Title: The Midnight Library
Author: Matt Haig
Publication Date: 2020
Publisher: Canongate Books
Format: Paperback|288 pages
The Midnight Library is a heart-breaking book so engrossing that one cannot stop reading it. The main character ends up after a suicide attempt in a library that is magical: it has a limitless number of books that allows Nora to try all the lives she could have lived in order to see how her life would have turned out if her decision were different. There, in the midnight library, she is helped by the only person who has helped her when she was a child, who has made a difference in her life: the school librarian, Mrs. Elm. The novel, however, is not only about Nora Seed who sees herself as a failure, but rather about the endless possibilities life holds for all of us, about regrets and insecurities.
Although I finished the book few days ago, I haven’t been able to stop thinking about it as it explores one of my favourite themes: pain, regrets and self hatred slowly turning into admiration towards humanity, hope and will to live. I found the idea of entering the midnight library between life and death quite unique as I haven’t read any novel revolving around a similar concept. Matt Haig not only creates a world where fantasy is mixed with philosophic elements, Quantum physics and literature, but forces the readers to ask themselves what is the best life? what makes life worth living? where or when am I the happiest version of myself? More than that, he builds up a meaningful and heart wrenching story about progress, healing and compassion towards others, but firstly towards ourselves.
There are many versions of Nora Seed, but in every life she tries she realises she is always the same person looking for something that can bring her happiness. Regardless of how many lives she tries, she always ends up unsatisfied because, although she might be happier, she doesn’t have what she needs, which is to love herself and allow herself to be loved. Nora Seed definitely became one of my favourite characters, alongside with Anne Shirley Cuthbert from Anne of Green Gables by L.M. Montgomery and Renée Michel from The Elegance of the Hedgehog by Muriel Barbery. Haig contoured the protagonist in such a manner that I nearly felt her fragility and her emotions, which is exactly what I am looking for when reading a book: a real character that I can sympathize with and feel a connection with. Besides, the relevance of the characters and the lightness in the writing style makes the novel easy to stay with.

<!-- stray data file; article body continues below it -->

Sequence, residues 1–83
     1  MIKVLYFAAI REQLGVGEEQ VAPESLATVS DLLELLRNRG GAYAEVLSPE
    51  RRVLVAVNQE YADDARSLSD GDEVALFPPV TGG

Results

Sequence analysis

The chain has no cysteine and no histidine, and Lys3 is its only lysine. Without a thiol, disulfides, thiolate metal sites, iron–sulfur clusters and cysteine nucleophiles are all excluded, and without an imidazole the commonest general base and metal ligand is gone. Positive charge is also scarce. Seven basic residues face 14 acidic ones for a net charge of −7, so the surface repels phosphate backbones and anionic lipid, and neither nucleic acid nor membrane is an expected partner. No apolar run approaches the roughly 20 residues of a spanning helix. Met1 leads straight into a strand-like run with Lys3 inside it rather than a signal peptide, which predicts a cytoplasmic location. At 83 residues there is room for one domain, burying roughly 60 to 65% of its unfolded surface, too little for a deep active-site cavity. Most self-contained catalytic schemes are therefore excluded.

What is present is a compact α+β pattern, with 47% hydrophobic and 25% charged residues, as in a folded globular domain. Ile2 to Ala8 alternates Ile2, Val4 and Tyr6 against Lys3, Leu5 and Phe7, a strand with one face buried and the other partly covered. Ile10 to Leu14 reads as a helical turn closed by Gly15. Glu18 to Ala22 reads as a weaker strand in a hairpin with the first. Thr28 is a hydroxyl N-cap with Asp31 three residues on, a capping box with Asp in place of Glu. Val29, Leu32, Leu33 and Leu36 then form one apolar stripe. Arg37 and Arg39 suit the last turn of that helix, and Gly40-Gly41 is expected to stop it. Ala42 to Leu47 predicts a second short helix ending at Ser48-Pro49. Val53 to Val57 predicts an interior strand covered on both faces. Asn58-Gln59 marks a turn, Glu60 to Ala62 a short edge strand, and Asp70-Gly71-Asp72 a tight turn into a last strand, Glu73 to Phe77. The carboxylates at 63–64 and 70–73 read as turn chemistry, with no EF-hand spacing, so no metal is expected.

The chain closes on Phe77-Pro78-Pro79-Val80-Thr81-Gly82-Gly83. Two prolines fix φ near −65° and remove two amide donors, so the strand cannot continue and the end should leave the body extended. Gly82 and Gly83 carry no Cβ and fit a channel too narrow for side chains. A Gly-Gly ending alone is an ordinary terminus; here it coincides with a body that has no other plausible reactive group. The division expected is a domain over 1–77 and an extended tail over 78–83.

The Midnight Library is definitely one of the novels that force the reader to wonder what could have been different if they were given the opportunity to choose from an infinite number of books, each one of them representing a different life. It is a thought provoking story, a must read that made me believe I actually can do so much in my life and learn from mistakes instead of constantly regretting them and turning them into unnecessary burdens as they cannot be undone. I can only recommend it from the core of my heart to everyone looking for a different perspective about life.